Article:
In the fall of 1964 when I was 15, Maryann Shelhamer was my very good friend and my chief adversary; she was a Democrat and I a Republican.
We were sophomores, enrolled in Mr. Kugle’s American history class at Eastern Lebanon County High School, or Elco as everyone called it.
That was a momentous year in the history of America. The country was still recovering from the shock of a presidential assassination the previous year, the American war in Vietnam was simmering but had not yet been escalated to a full boil, and civil rights for Negroes (as African Americans were still called in those days) was a major issue with the Civil Rights Act of 1964 having been signed by President Johnson in July of that year.
I considered myself a Republican in those days, the local political atmosphere (Lebanon County was and still is strong Republican territory) having rubbed off on me, so I supported Barry Goldwater in his bid to unseat Lyndon Johnson from the Oval Office.
Now Goldwater was considered an extremist on many, maybe most, issues but especially in the areas of military defense (he was for it, in fact he was for a lot of it), civil rights (he voted against the Civil Rights Act), and well, name an issue and he was either on the “wrong” side of it or could be portrayed as such.
I remember my uncle Curtis teasing me with a joke that went something like: “If Barry Goldwater is elected, the troops will be marching the following week.” The punch line, such as it was, was that Veterans’ Day fell on the following week.
Meanwhile, the Johnson campaign unveiled the infamous Daisy Ad that suggested that a vote for Goldwater was a vote for nuclear Armageddon. Goldwater never forgave Bill Moyers for his part in preparing that ad.
That was also the year that the satirical show “That Was The Week That Was” was imported from the BBC to NBC, bringing David Frost along with it, as well as a rich array of Broadway talent like Alan Alda and Phyllis Newman, and featuring sharp-edged songs by Tom Lehrer. I loved that show, as did Maryann, even though a frequent target of its barbs was my hero Barry.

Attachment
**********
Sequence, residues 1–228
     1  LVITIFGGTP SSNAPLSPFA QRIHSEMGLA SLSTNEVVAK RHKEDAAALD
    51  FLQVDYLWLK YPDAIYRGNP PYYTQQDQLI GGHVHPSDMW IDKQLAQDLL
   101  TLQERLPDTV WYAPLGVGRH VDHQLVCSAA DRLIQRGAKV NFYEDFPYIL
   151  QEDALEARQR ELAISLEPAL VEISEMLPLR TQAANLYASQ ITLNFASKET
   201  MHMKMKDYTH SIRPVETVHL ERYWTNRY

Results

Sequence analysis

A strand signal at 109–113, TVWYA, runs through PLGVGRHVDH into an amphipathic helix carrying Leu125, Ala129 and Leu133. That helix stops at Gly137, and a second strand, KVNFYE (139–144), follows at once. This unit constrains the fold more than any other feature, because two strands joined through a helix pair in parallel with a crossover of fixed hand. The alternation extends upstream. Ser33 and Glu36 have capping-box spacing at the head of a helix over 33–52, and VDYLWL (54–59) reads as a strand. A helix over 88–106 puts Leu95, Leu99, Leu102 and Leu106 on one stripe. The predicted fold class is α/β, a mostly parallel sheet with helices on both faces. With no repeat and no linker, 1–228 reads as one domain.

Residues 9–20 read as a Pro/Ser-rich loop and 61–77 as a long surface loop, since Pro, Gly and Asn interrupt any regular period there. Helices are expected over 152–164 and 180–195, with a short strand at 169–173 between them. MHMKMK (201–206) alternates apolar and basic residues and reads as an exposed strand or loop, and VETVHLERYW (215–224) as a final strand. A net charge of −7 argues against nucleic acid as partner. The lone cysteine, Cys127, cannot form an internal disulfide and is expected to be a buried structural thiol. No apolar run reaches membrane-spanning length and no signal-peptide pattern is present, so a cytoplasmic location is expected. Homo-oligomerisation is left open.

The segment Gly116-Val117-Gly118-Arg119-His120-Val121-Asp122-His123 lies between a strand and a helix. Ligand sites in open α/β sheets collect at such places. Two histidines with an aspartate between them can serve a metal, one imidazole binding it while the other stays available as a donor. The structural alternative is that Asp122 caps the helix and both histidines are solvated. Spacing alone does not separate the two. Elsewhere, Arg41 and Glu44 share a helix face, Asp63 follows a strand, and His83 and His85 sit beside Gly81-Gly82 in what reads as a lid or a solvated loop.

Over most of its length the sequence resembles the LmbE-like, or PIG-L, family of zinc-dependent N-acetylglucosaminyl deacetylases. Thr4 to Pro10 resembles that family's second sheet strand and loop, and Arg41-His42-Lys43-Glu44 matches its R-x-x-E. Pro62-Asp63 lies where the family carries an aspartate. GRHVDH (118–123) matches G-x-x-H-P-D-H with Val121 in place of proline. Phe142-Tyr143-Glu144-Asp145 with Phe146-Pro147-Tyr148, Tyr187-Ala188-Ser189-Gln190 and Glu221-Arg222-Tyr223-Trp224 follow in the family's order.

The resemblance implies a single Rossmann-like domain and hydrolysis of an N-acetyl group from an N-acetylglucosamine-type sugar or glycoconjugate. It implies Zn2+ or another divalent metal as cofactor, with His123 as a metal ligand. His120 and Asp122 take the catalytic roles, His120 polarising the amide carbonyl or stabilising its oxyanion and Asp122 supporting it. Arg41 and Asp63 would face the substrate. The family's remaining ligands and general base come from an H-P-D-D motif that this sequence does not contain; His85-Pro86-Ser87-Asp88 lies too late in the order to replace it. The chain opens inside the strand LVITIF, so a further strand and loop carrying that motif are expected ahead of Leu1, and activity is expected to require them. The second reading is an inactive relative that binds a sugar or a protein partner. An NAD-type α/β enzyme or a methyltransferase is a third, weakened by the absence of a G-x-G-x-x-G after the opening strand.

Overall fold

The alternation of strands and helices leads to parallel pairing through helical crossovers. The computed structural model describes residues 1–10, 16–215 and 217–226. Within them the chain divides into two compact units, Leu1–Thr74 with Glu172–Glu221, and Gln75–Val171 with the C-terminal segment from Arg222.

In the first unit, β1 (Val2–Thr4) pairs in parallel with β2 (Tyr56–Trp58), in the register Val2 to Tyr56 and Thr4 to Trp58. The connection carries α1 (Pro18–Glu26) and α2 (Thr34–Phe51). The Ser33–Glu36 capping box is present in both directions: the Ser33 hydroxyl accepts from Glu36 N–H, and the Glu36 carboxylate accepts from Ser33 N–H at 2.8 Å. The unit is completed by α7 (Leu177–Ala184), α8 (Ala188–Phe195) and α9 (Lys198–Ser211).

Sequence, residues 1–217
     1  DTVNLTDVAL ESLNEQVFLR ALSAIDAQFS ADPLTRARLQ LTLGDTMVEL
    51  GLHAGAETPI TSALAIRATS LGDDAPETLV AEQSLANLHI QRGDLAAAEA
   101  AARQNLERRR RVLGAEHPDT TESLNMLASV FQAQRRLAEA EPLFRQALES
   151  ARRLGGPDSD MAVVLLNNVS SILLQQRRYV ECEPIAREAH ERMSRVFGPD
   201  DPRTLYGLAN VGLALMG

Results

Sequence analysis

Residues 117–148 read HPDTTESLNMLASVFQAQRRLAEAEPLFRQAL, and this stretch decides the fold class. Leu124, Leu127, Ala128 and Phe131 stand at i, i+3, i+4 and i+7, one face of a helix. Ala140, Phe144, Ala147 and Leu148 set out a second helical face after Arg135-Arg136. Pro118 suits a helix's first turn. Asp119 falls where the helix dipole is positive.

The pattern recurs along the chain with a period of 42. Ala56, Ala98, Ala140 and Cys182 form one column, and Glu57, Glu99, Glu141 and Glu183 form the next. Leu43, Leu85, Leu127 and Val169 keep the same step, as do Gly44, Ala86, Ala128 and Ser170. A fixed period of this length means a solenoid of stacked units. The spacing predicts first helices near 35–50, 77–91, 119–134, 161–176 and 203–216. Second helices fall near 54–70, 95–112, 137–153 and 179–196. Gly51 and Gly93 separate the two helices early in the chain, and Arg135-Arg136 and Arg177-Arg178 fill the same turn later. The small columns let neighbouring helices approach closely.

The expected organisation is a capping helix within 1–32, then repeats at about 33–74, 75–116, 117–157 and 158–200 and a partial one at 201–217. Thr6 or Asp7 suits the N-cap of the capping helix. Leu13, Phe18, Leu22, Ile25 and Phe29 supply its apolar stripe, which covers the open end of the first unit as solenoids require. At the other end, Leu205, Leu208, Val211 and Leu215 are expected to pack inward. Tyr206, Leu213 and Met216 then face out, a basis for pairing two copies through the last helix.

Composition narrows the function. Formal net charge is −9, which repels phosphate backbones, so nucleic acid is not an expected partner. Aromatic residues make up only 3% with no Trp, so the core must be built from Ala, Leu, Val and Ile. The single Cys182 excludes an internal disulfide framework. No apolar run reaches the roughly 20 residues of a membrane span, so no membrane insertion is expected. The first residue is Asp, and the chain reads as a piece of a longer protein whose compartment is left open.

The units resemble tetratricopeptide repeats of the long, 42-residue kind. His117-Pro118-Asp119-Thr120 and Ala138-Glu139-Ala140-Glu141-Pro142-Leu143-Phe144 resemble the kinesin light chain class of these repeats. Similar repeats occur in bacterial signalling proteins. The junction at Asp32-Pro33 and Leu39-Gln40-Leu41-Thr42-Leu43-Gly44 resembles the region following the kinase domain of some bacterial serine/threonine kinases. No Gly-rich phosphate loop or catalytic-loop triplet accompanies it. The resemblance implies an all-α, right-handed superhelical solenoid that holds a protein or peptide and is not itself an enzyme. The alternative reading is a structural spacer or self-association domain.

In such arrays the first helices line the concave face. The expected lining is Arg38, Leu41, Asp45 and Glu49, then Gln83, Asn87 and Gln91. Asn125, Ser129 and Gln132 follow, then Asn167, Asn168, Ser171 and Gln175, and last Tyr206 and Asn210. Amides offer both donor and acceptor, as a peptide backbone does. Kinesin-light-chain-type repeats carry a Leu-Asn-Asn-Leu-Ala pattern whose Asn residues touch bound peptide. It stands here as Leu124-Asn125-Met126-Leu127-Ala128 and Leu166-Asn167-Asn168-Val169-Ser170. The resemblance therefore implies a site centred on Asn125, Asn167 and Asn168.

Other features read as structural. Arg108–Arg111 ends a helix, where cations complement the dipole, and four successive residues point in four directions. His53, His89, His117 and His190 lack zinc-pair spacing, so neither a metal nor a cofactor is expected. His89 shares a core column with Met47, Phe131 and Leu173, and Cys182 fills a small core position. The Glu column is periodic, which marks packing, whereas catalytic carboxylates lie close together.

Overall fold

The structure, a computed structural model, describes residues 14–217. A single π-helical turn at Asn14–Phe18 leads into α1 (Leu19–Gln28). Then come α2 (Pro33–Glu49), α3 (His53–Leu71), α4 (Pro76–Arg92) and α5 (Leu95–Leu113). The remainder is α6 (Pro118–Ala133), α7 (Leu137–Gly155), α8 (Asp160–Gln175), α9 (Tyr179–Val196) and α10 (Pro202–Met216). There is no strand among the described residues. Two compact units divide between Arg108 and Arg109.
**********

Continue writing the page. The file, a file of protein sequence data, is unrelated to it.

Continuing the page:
A couple months before the election, the Goldwater campaign bought the entire half hour time slot in which TW3 (as it was usually called) normally aired, in order to present a program with former president Dwight Eisenhower giving a tour of his Gettysburg, Pennsylvania farm to Goldwater. It was supposed to be a campaign ad.
It put me to sleep. Campaigns had not yet learned how to use the medium of television very effectively.
The following week the TW3 cast spent a good part of its time having a lot of fun with that farm tour program, and while it pained me to admit it, their satirical barbs were well-aimed. The show concluded with Nancy Ames, the “TW3 Girl”, singing the closing theme song with the added lines:
The GOP bought three more weeks of our space They could keep us off until after the race So we'll say Merry Christmas right now just in case From That Was The Week That Was.
And yes, I recall those lines from 52 years ago. I can even sing them, if you like.
Barry Goldwater was the first and only presidential candidate that I ever campaigned for. Randy Klopp and I went over to Ray Bollinger’s house (he was the Republican something-or-other for Richland Borough) to pick up some campaign materials, door knockers I think they were called, which we then distributed to as many houses as we could, leaving the materials hanging from the door knobs. Needless to say, my parents, who can best be characterized as yellow dog Democrats, were furious when they found out.
Anyway, back to Mr. Kugle’s history class. Mr. Kugle spent a lot of time going over current events during class, so of course he had us stage a debate on the presidential campaign. I no longer recall, and history does not record, the details of that debate or how many of us were involved, but I do know that Maryann argued for Lyndon Johnson, while I did my best for Barry Goldwater.
I lost the debate.
Because although we lived in a heavily Republican area, the Democrats had done such a good job of convincing a lot of Republicans that Goldwater was an unacceptable extremist, that many Republicans (including the kids in our history class) voted Democratic that year.
Johnson went on to victory, dealing Goldwater a humiliating defeat, winning 61.1% of the popular vote and 486 votes in the Electoral College.
I, too, suffered a little humiliation of my own. Despite my best efforts to get the word out about Barry Goldwater, my little borough of Richland went Democratic for perhaps the only time in its history.
I just found this audio recording of a June 1964 episode of That Was The Week That Was. Commercials and everything. What a different era that was.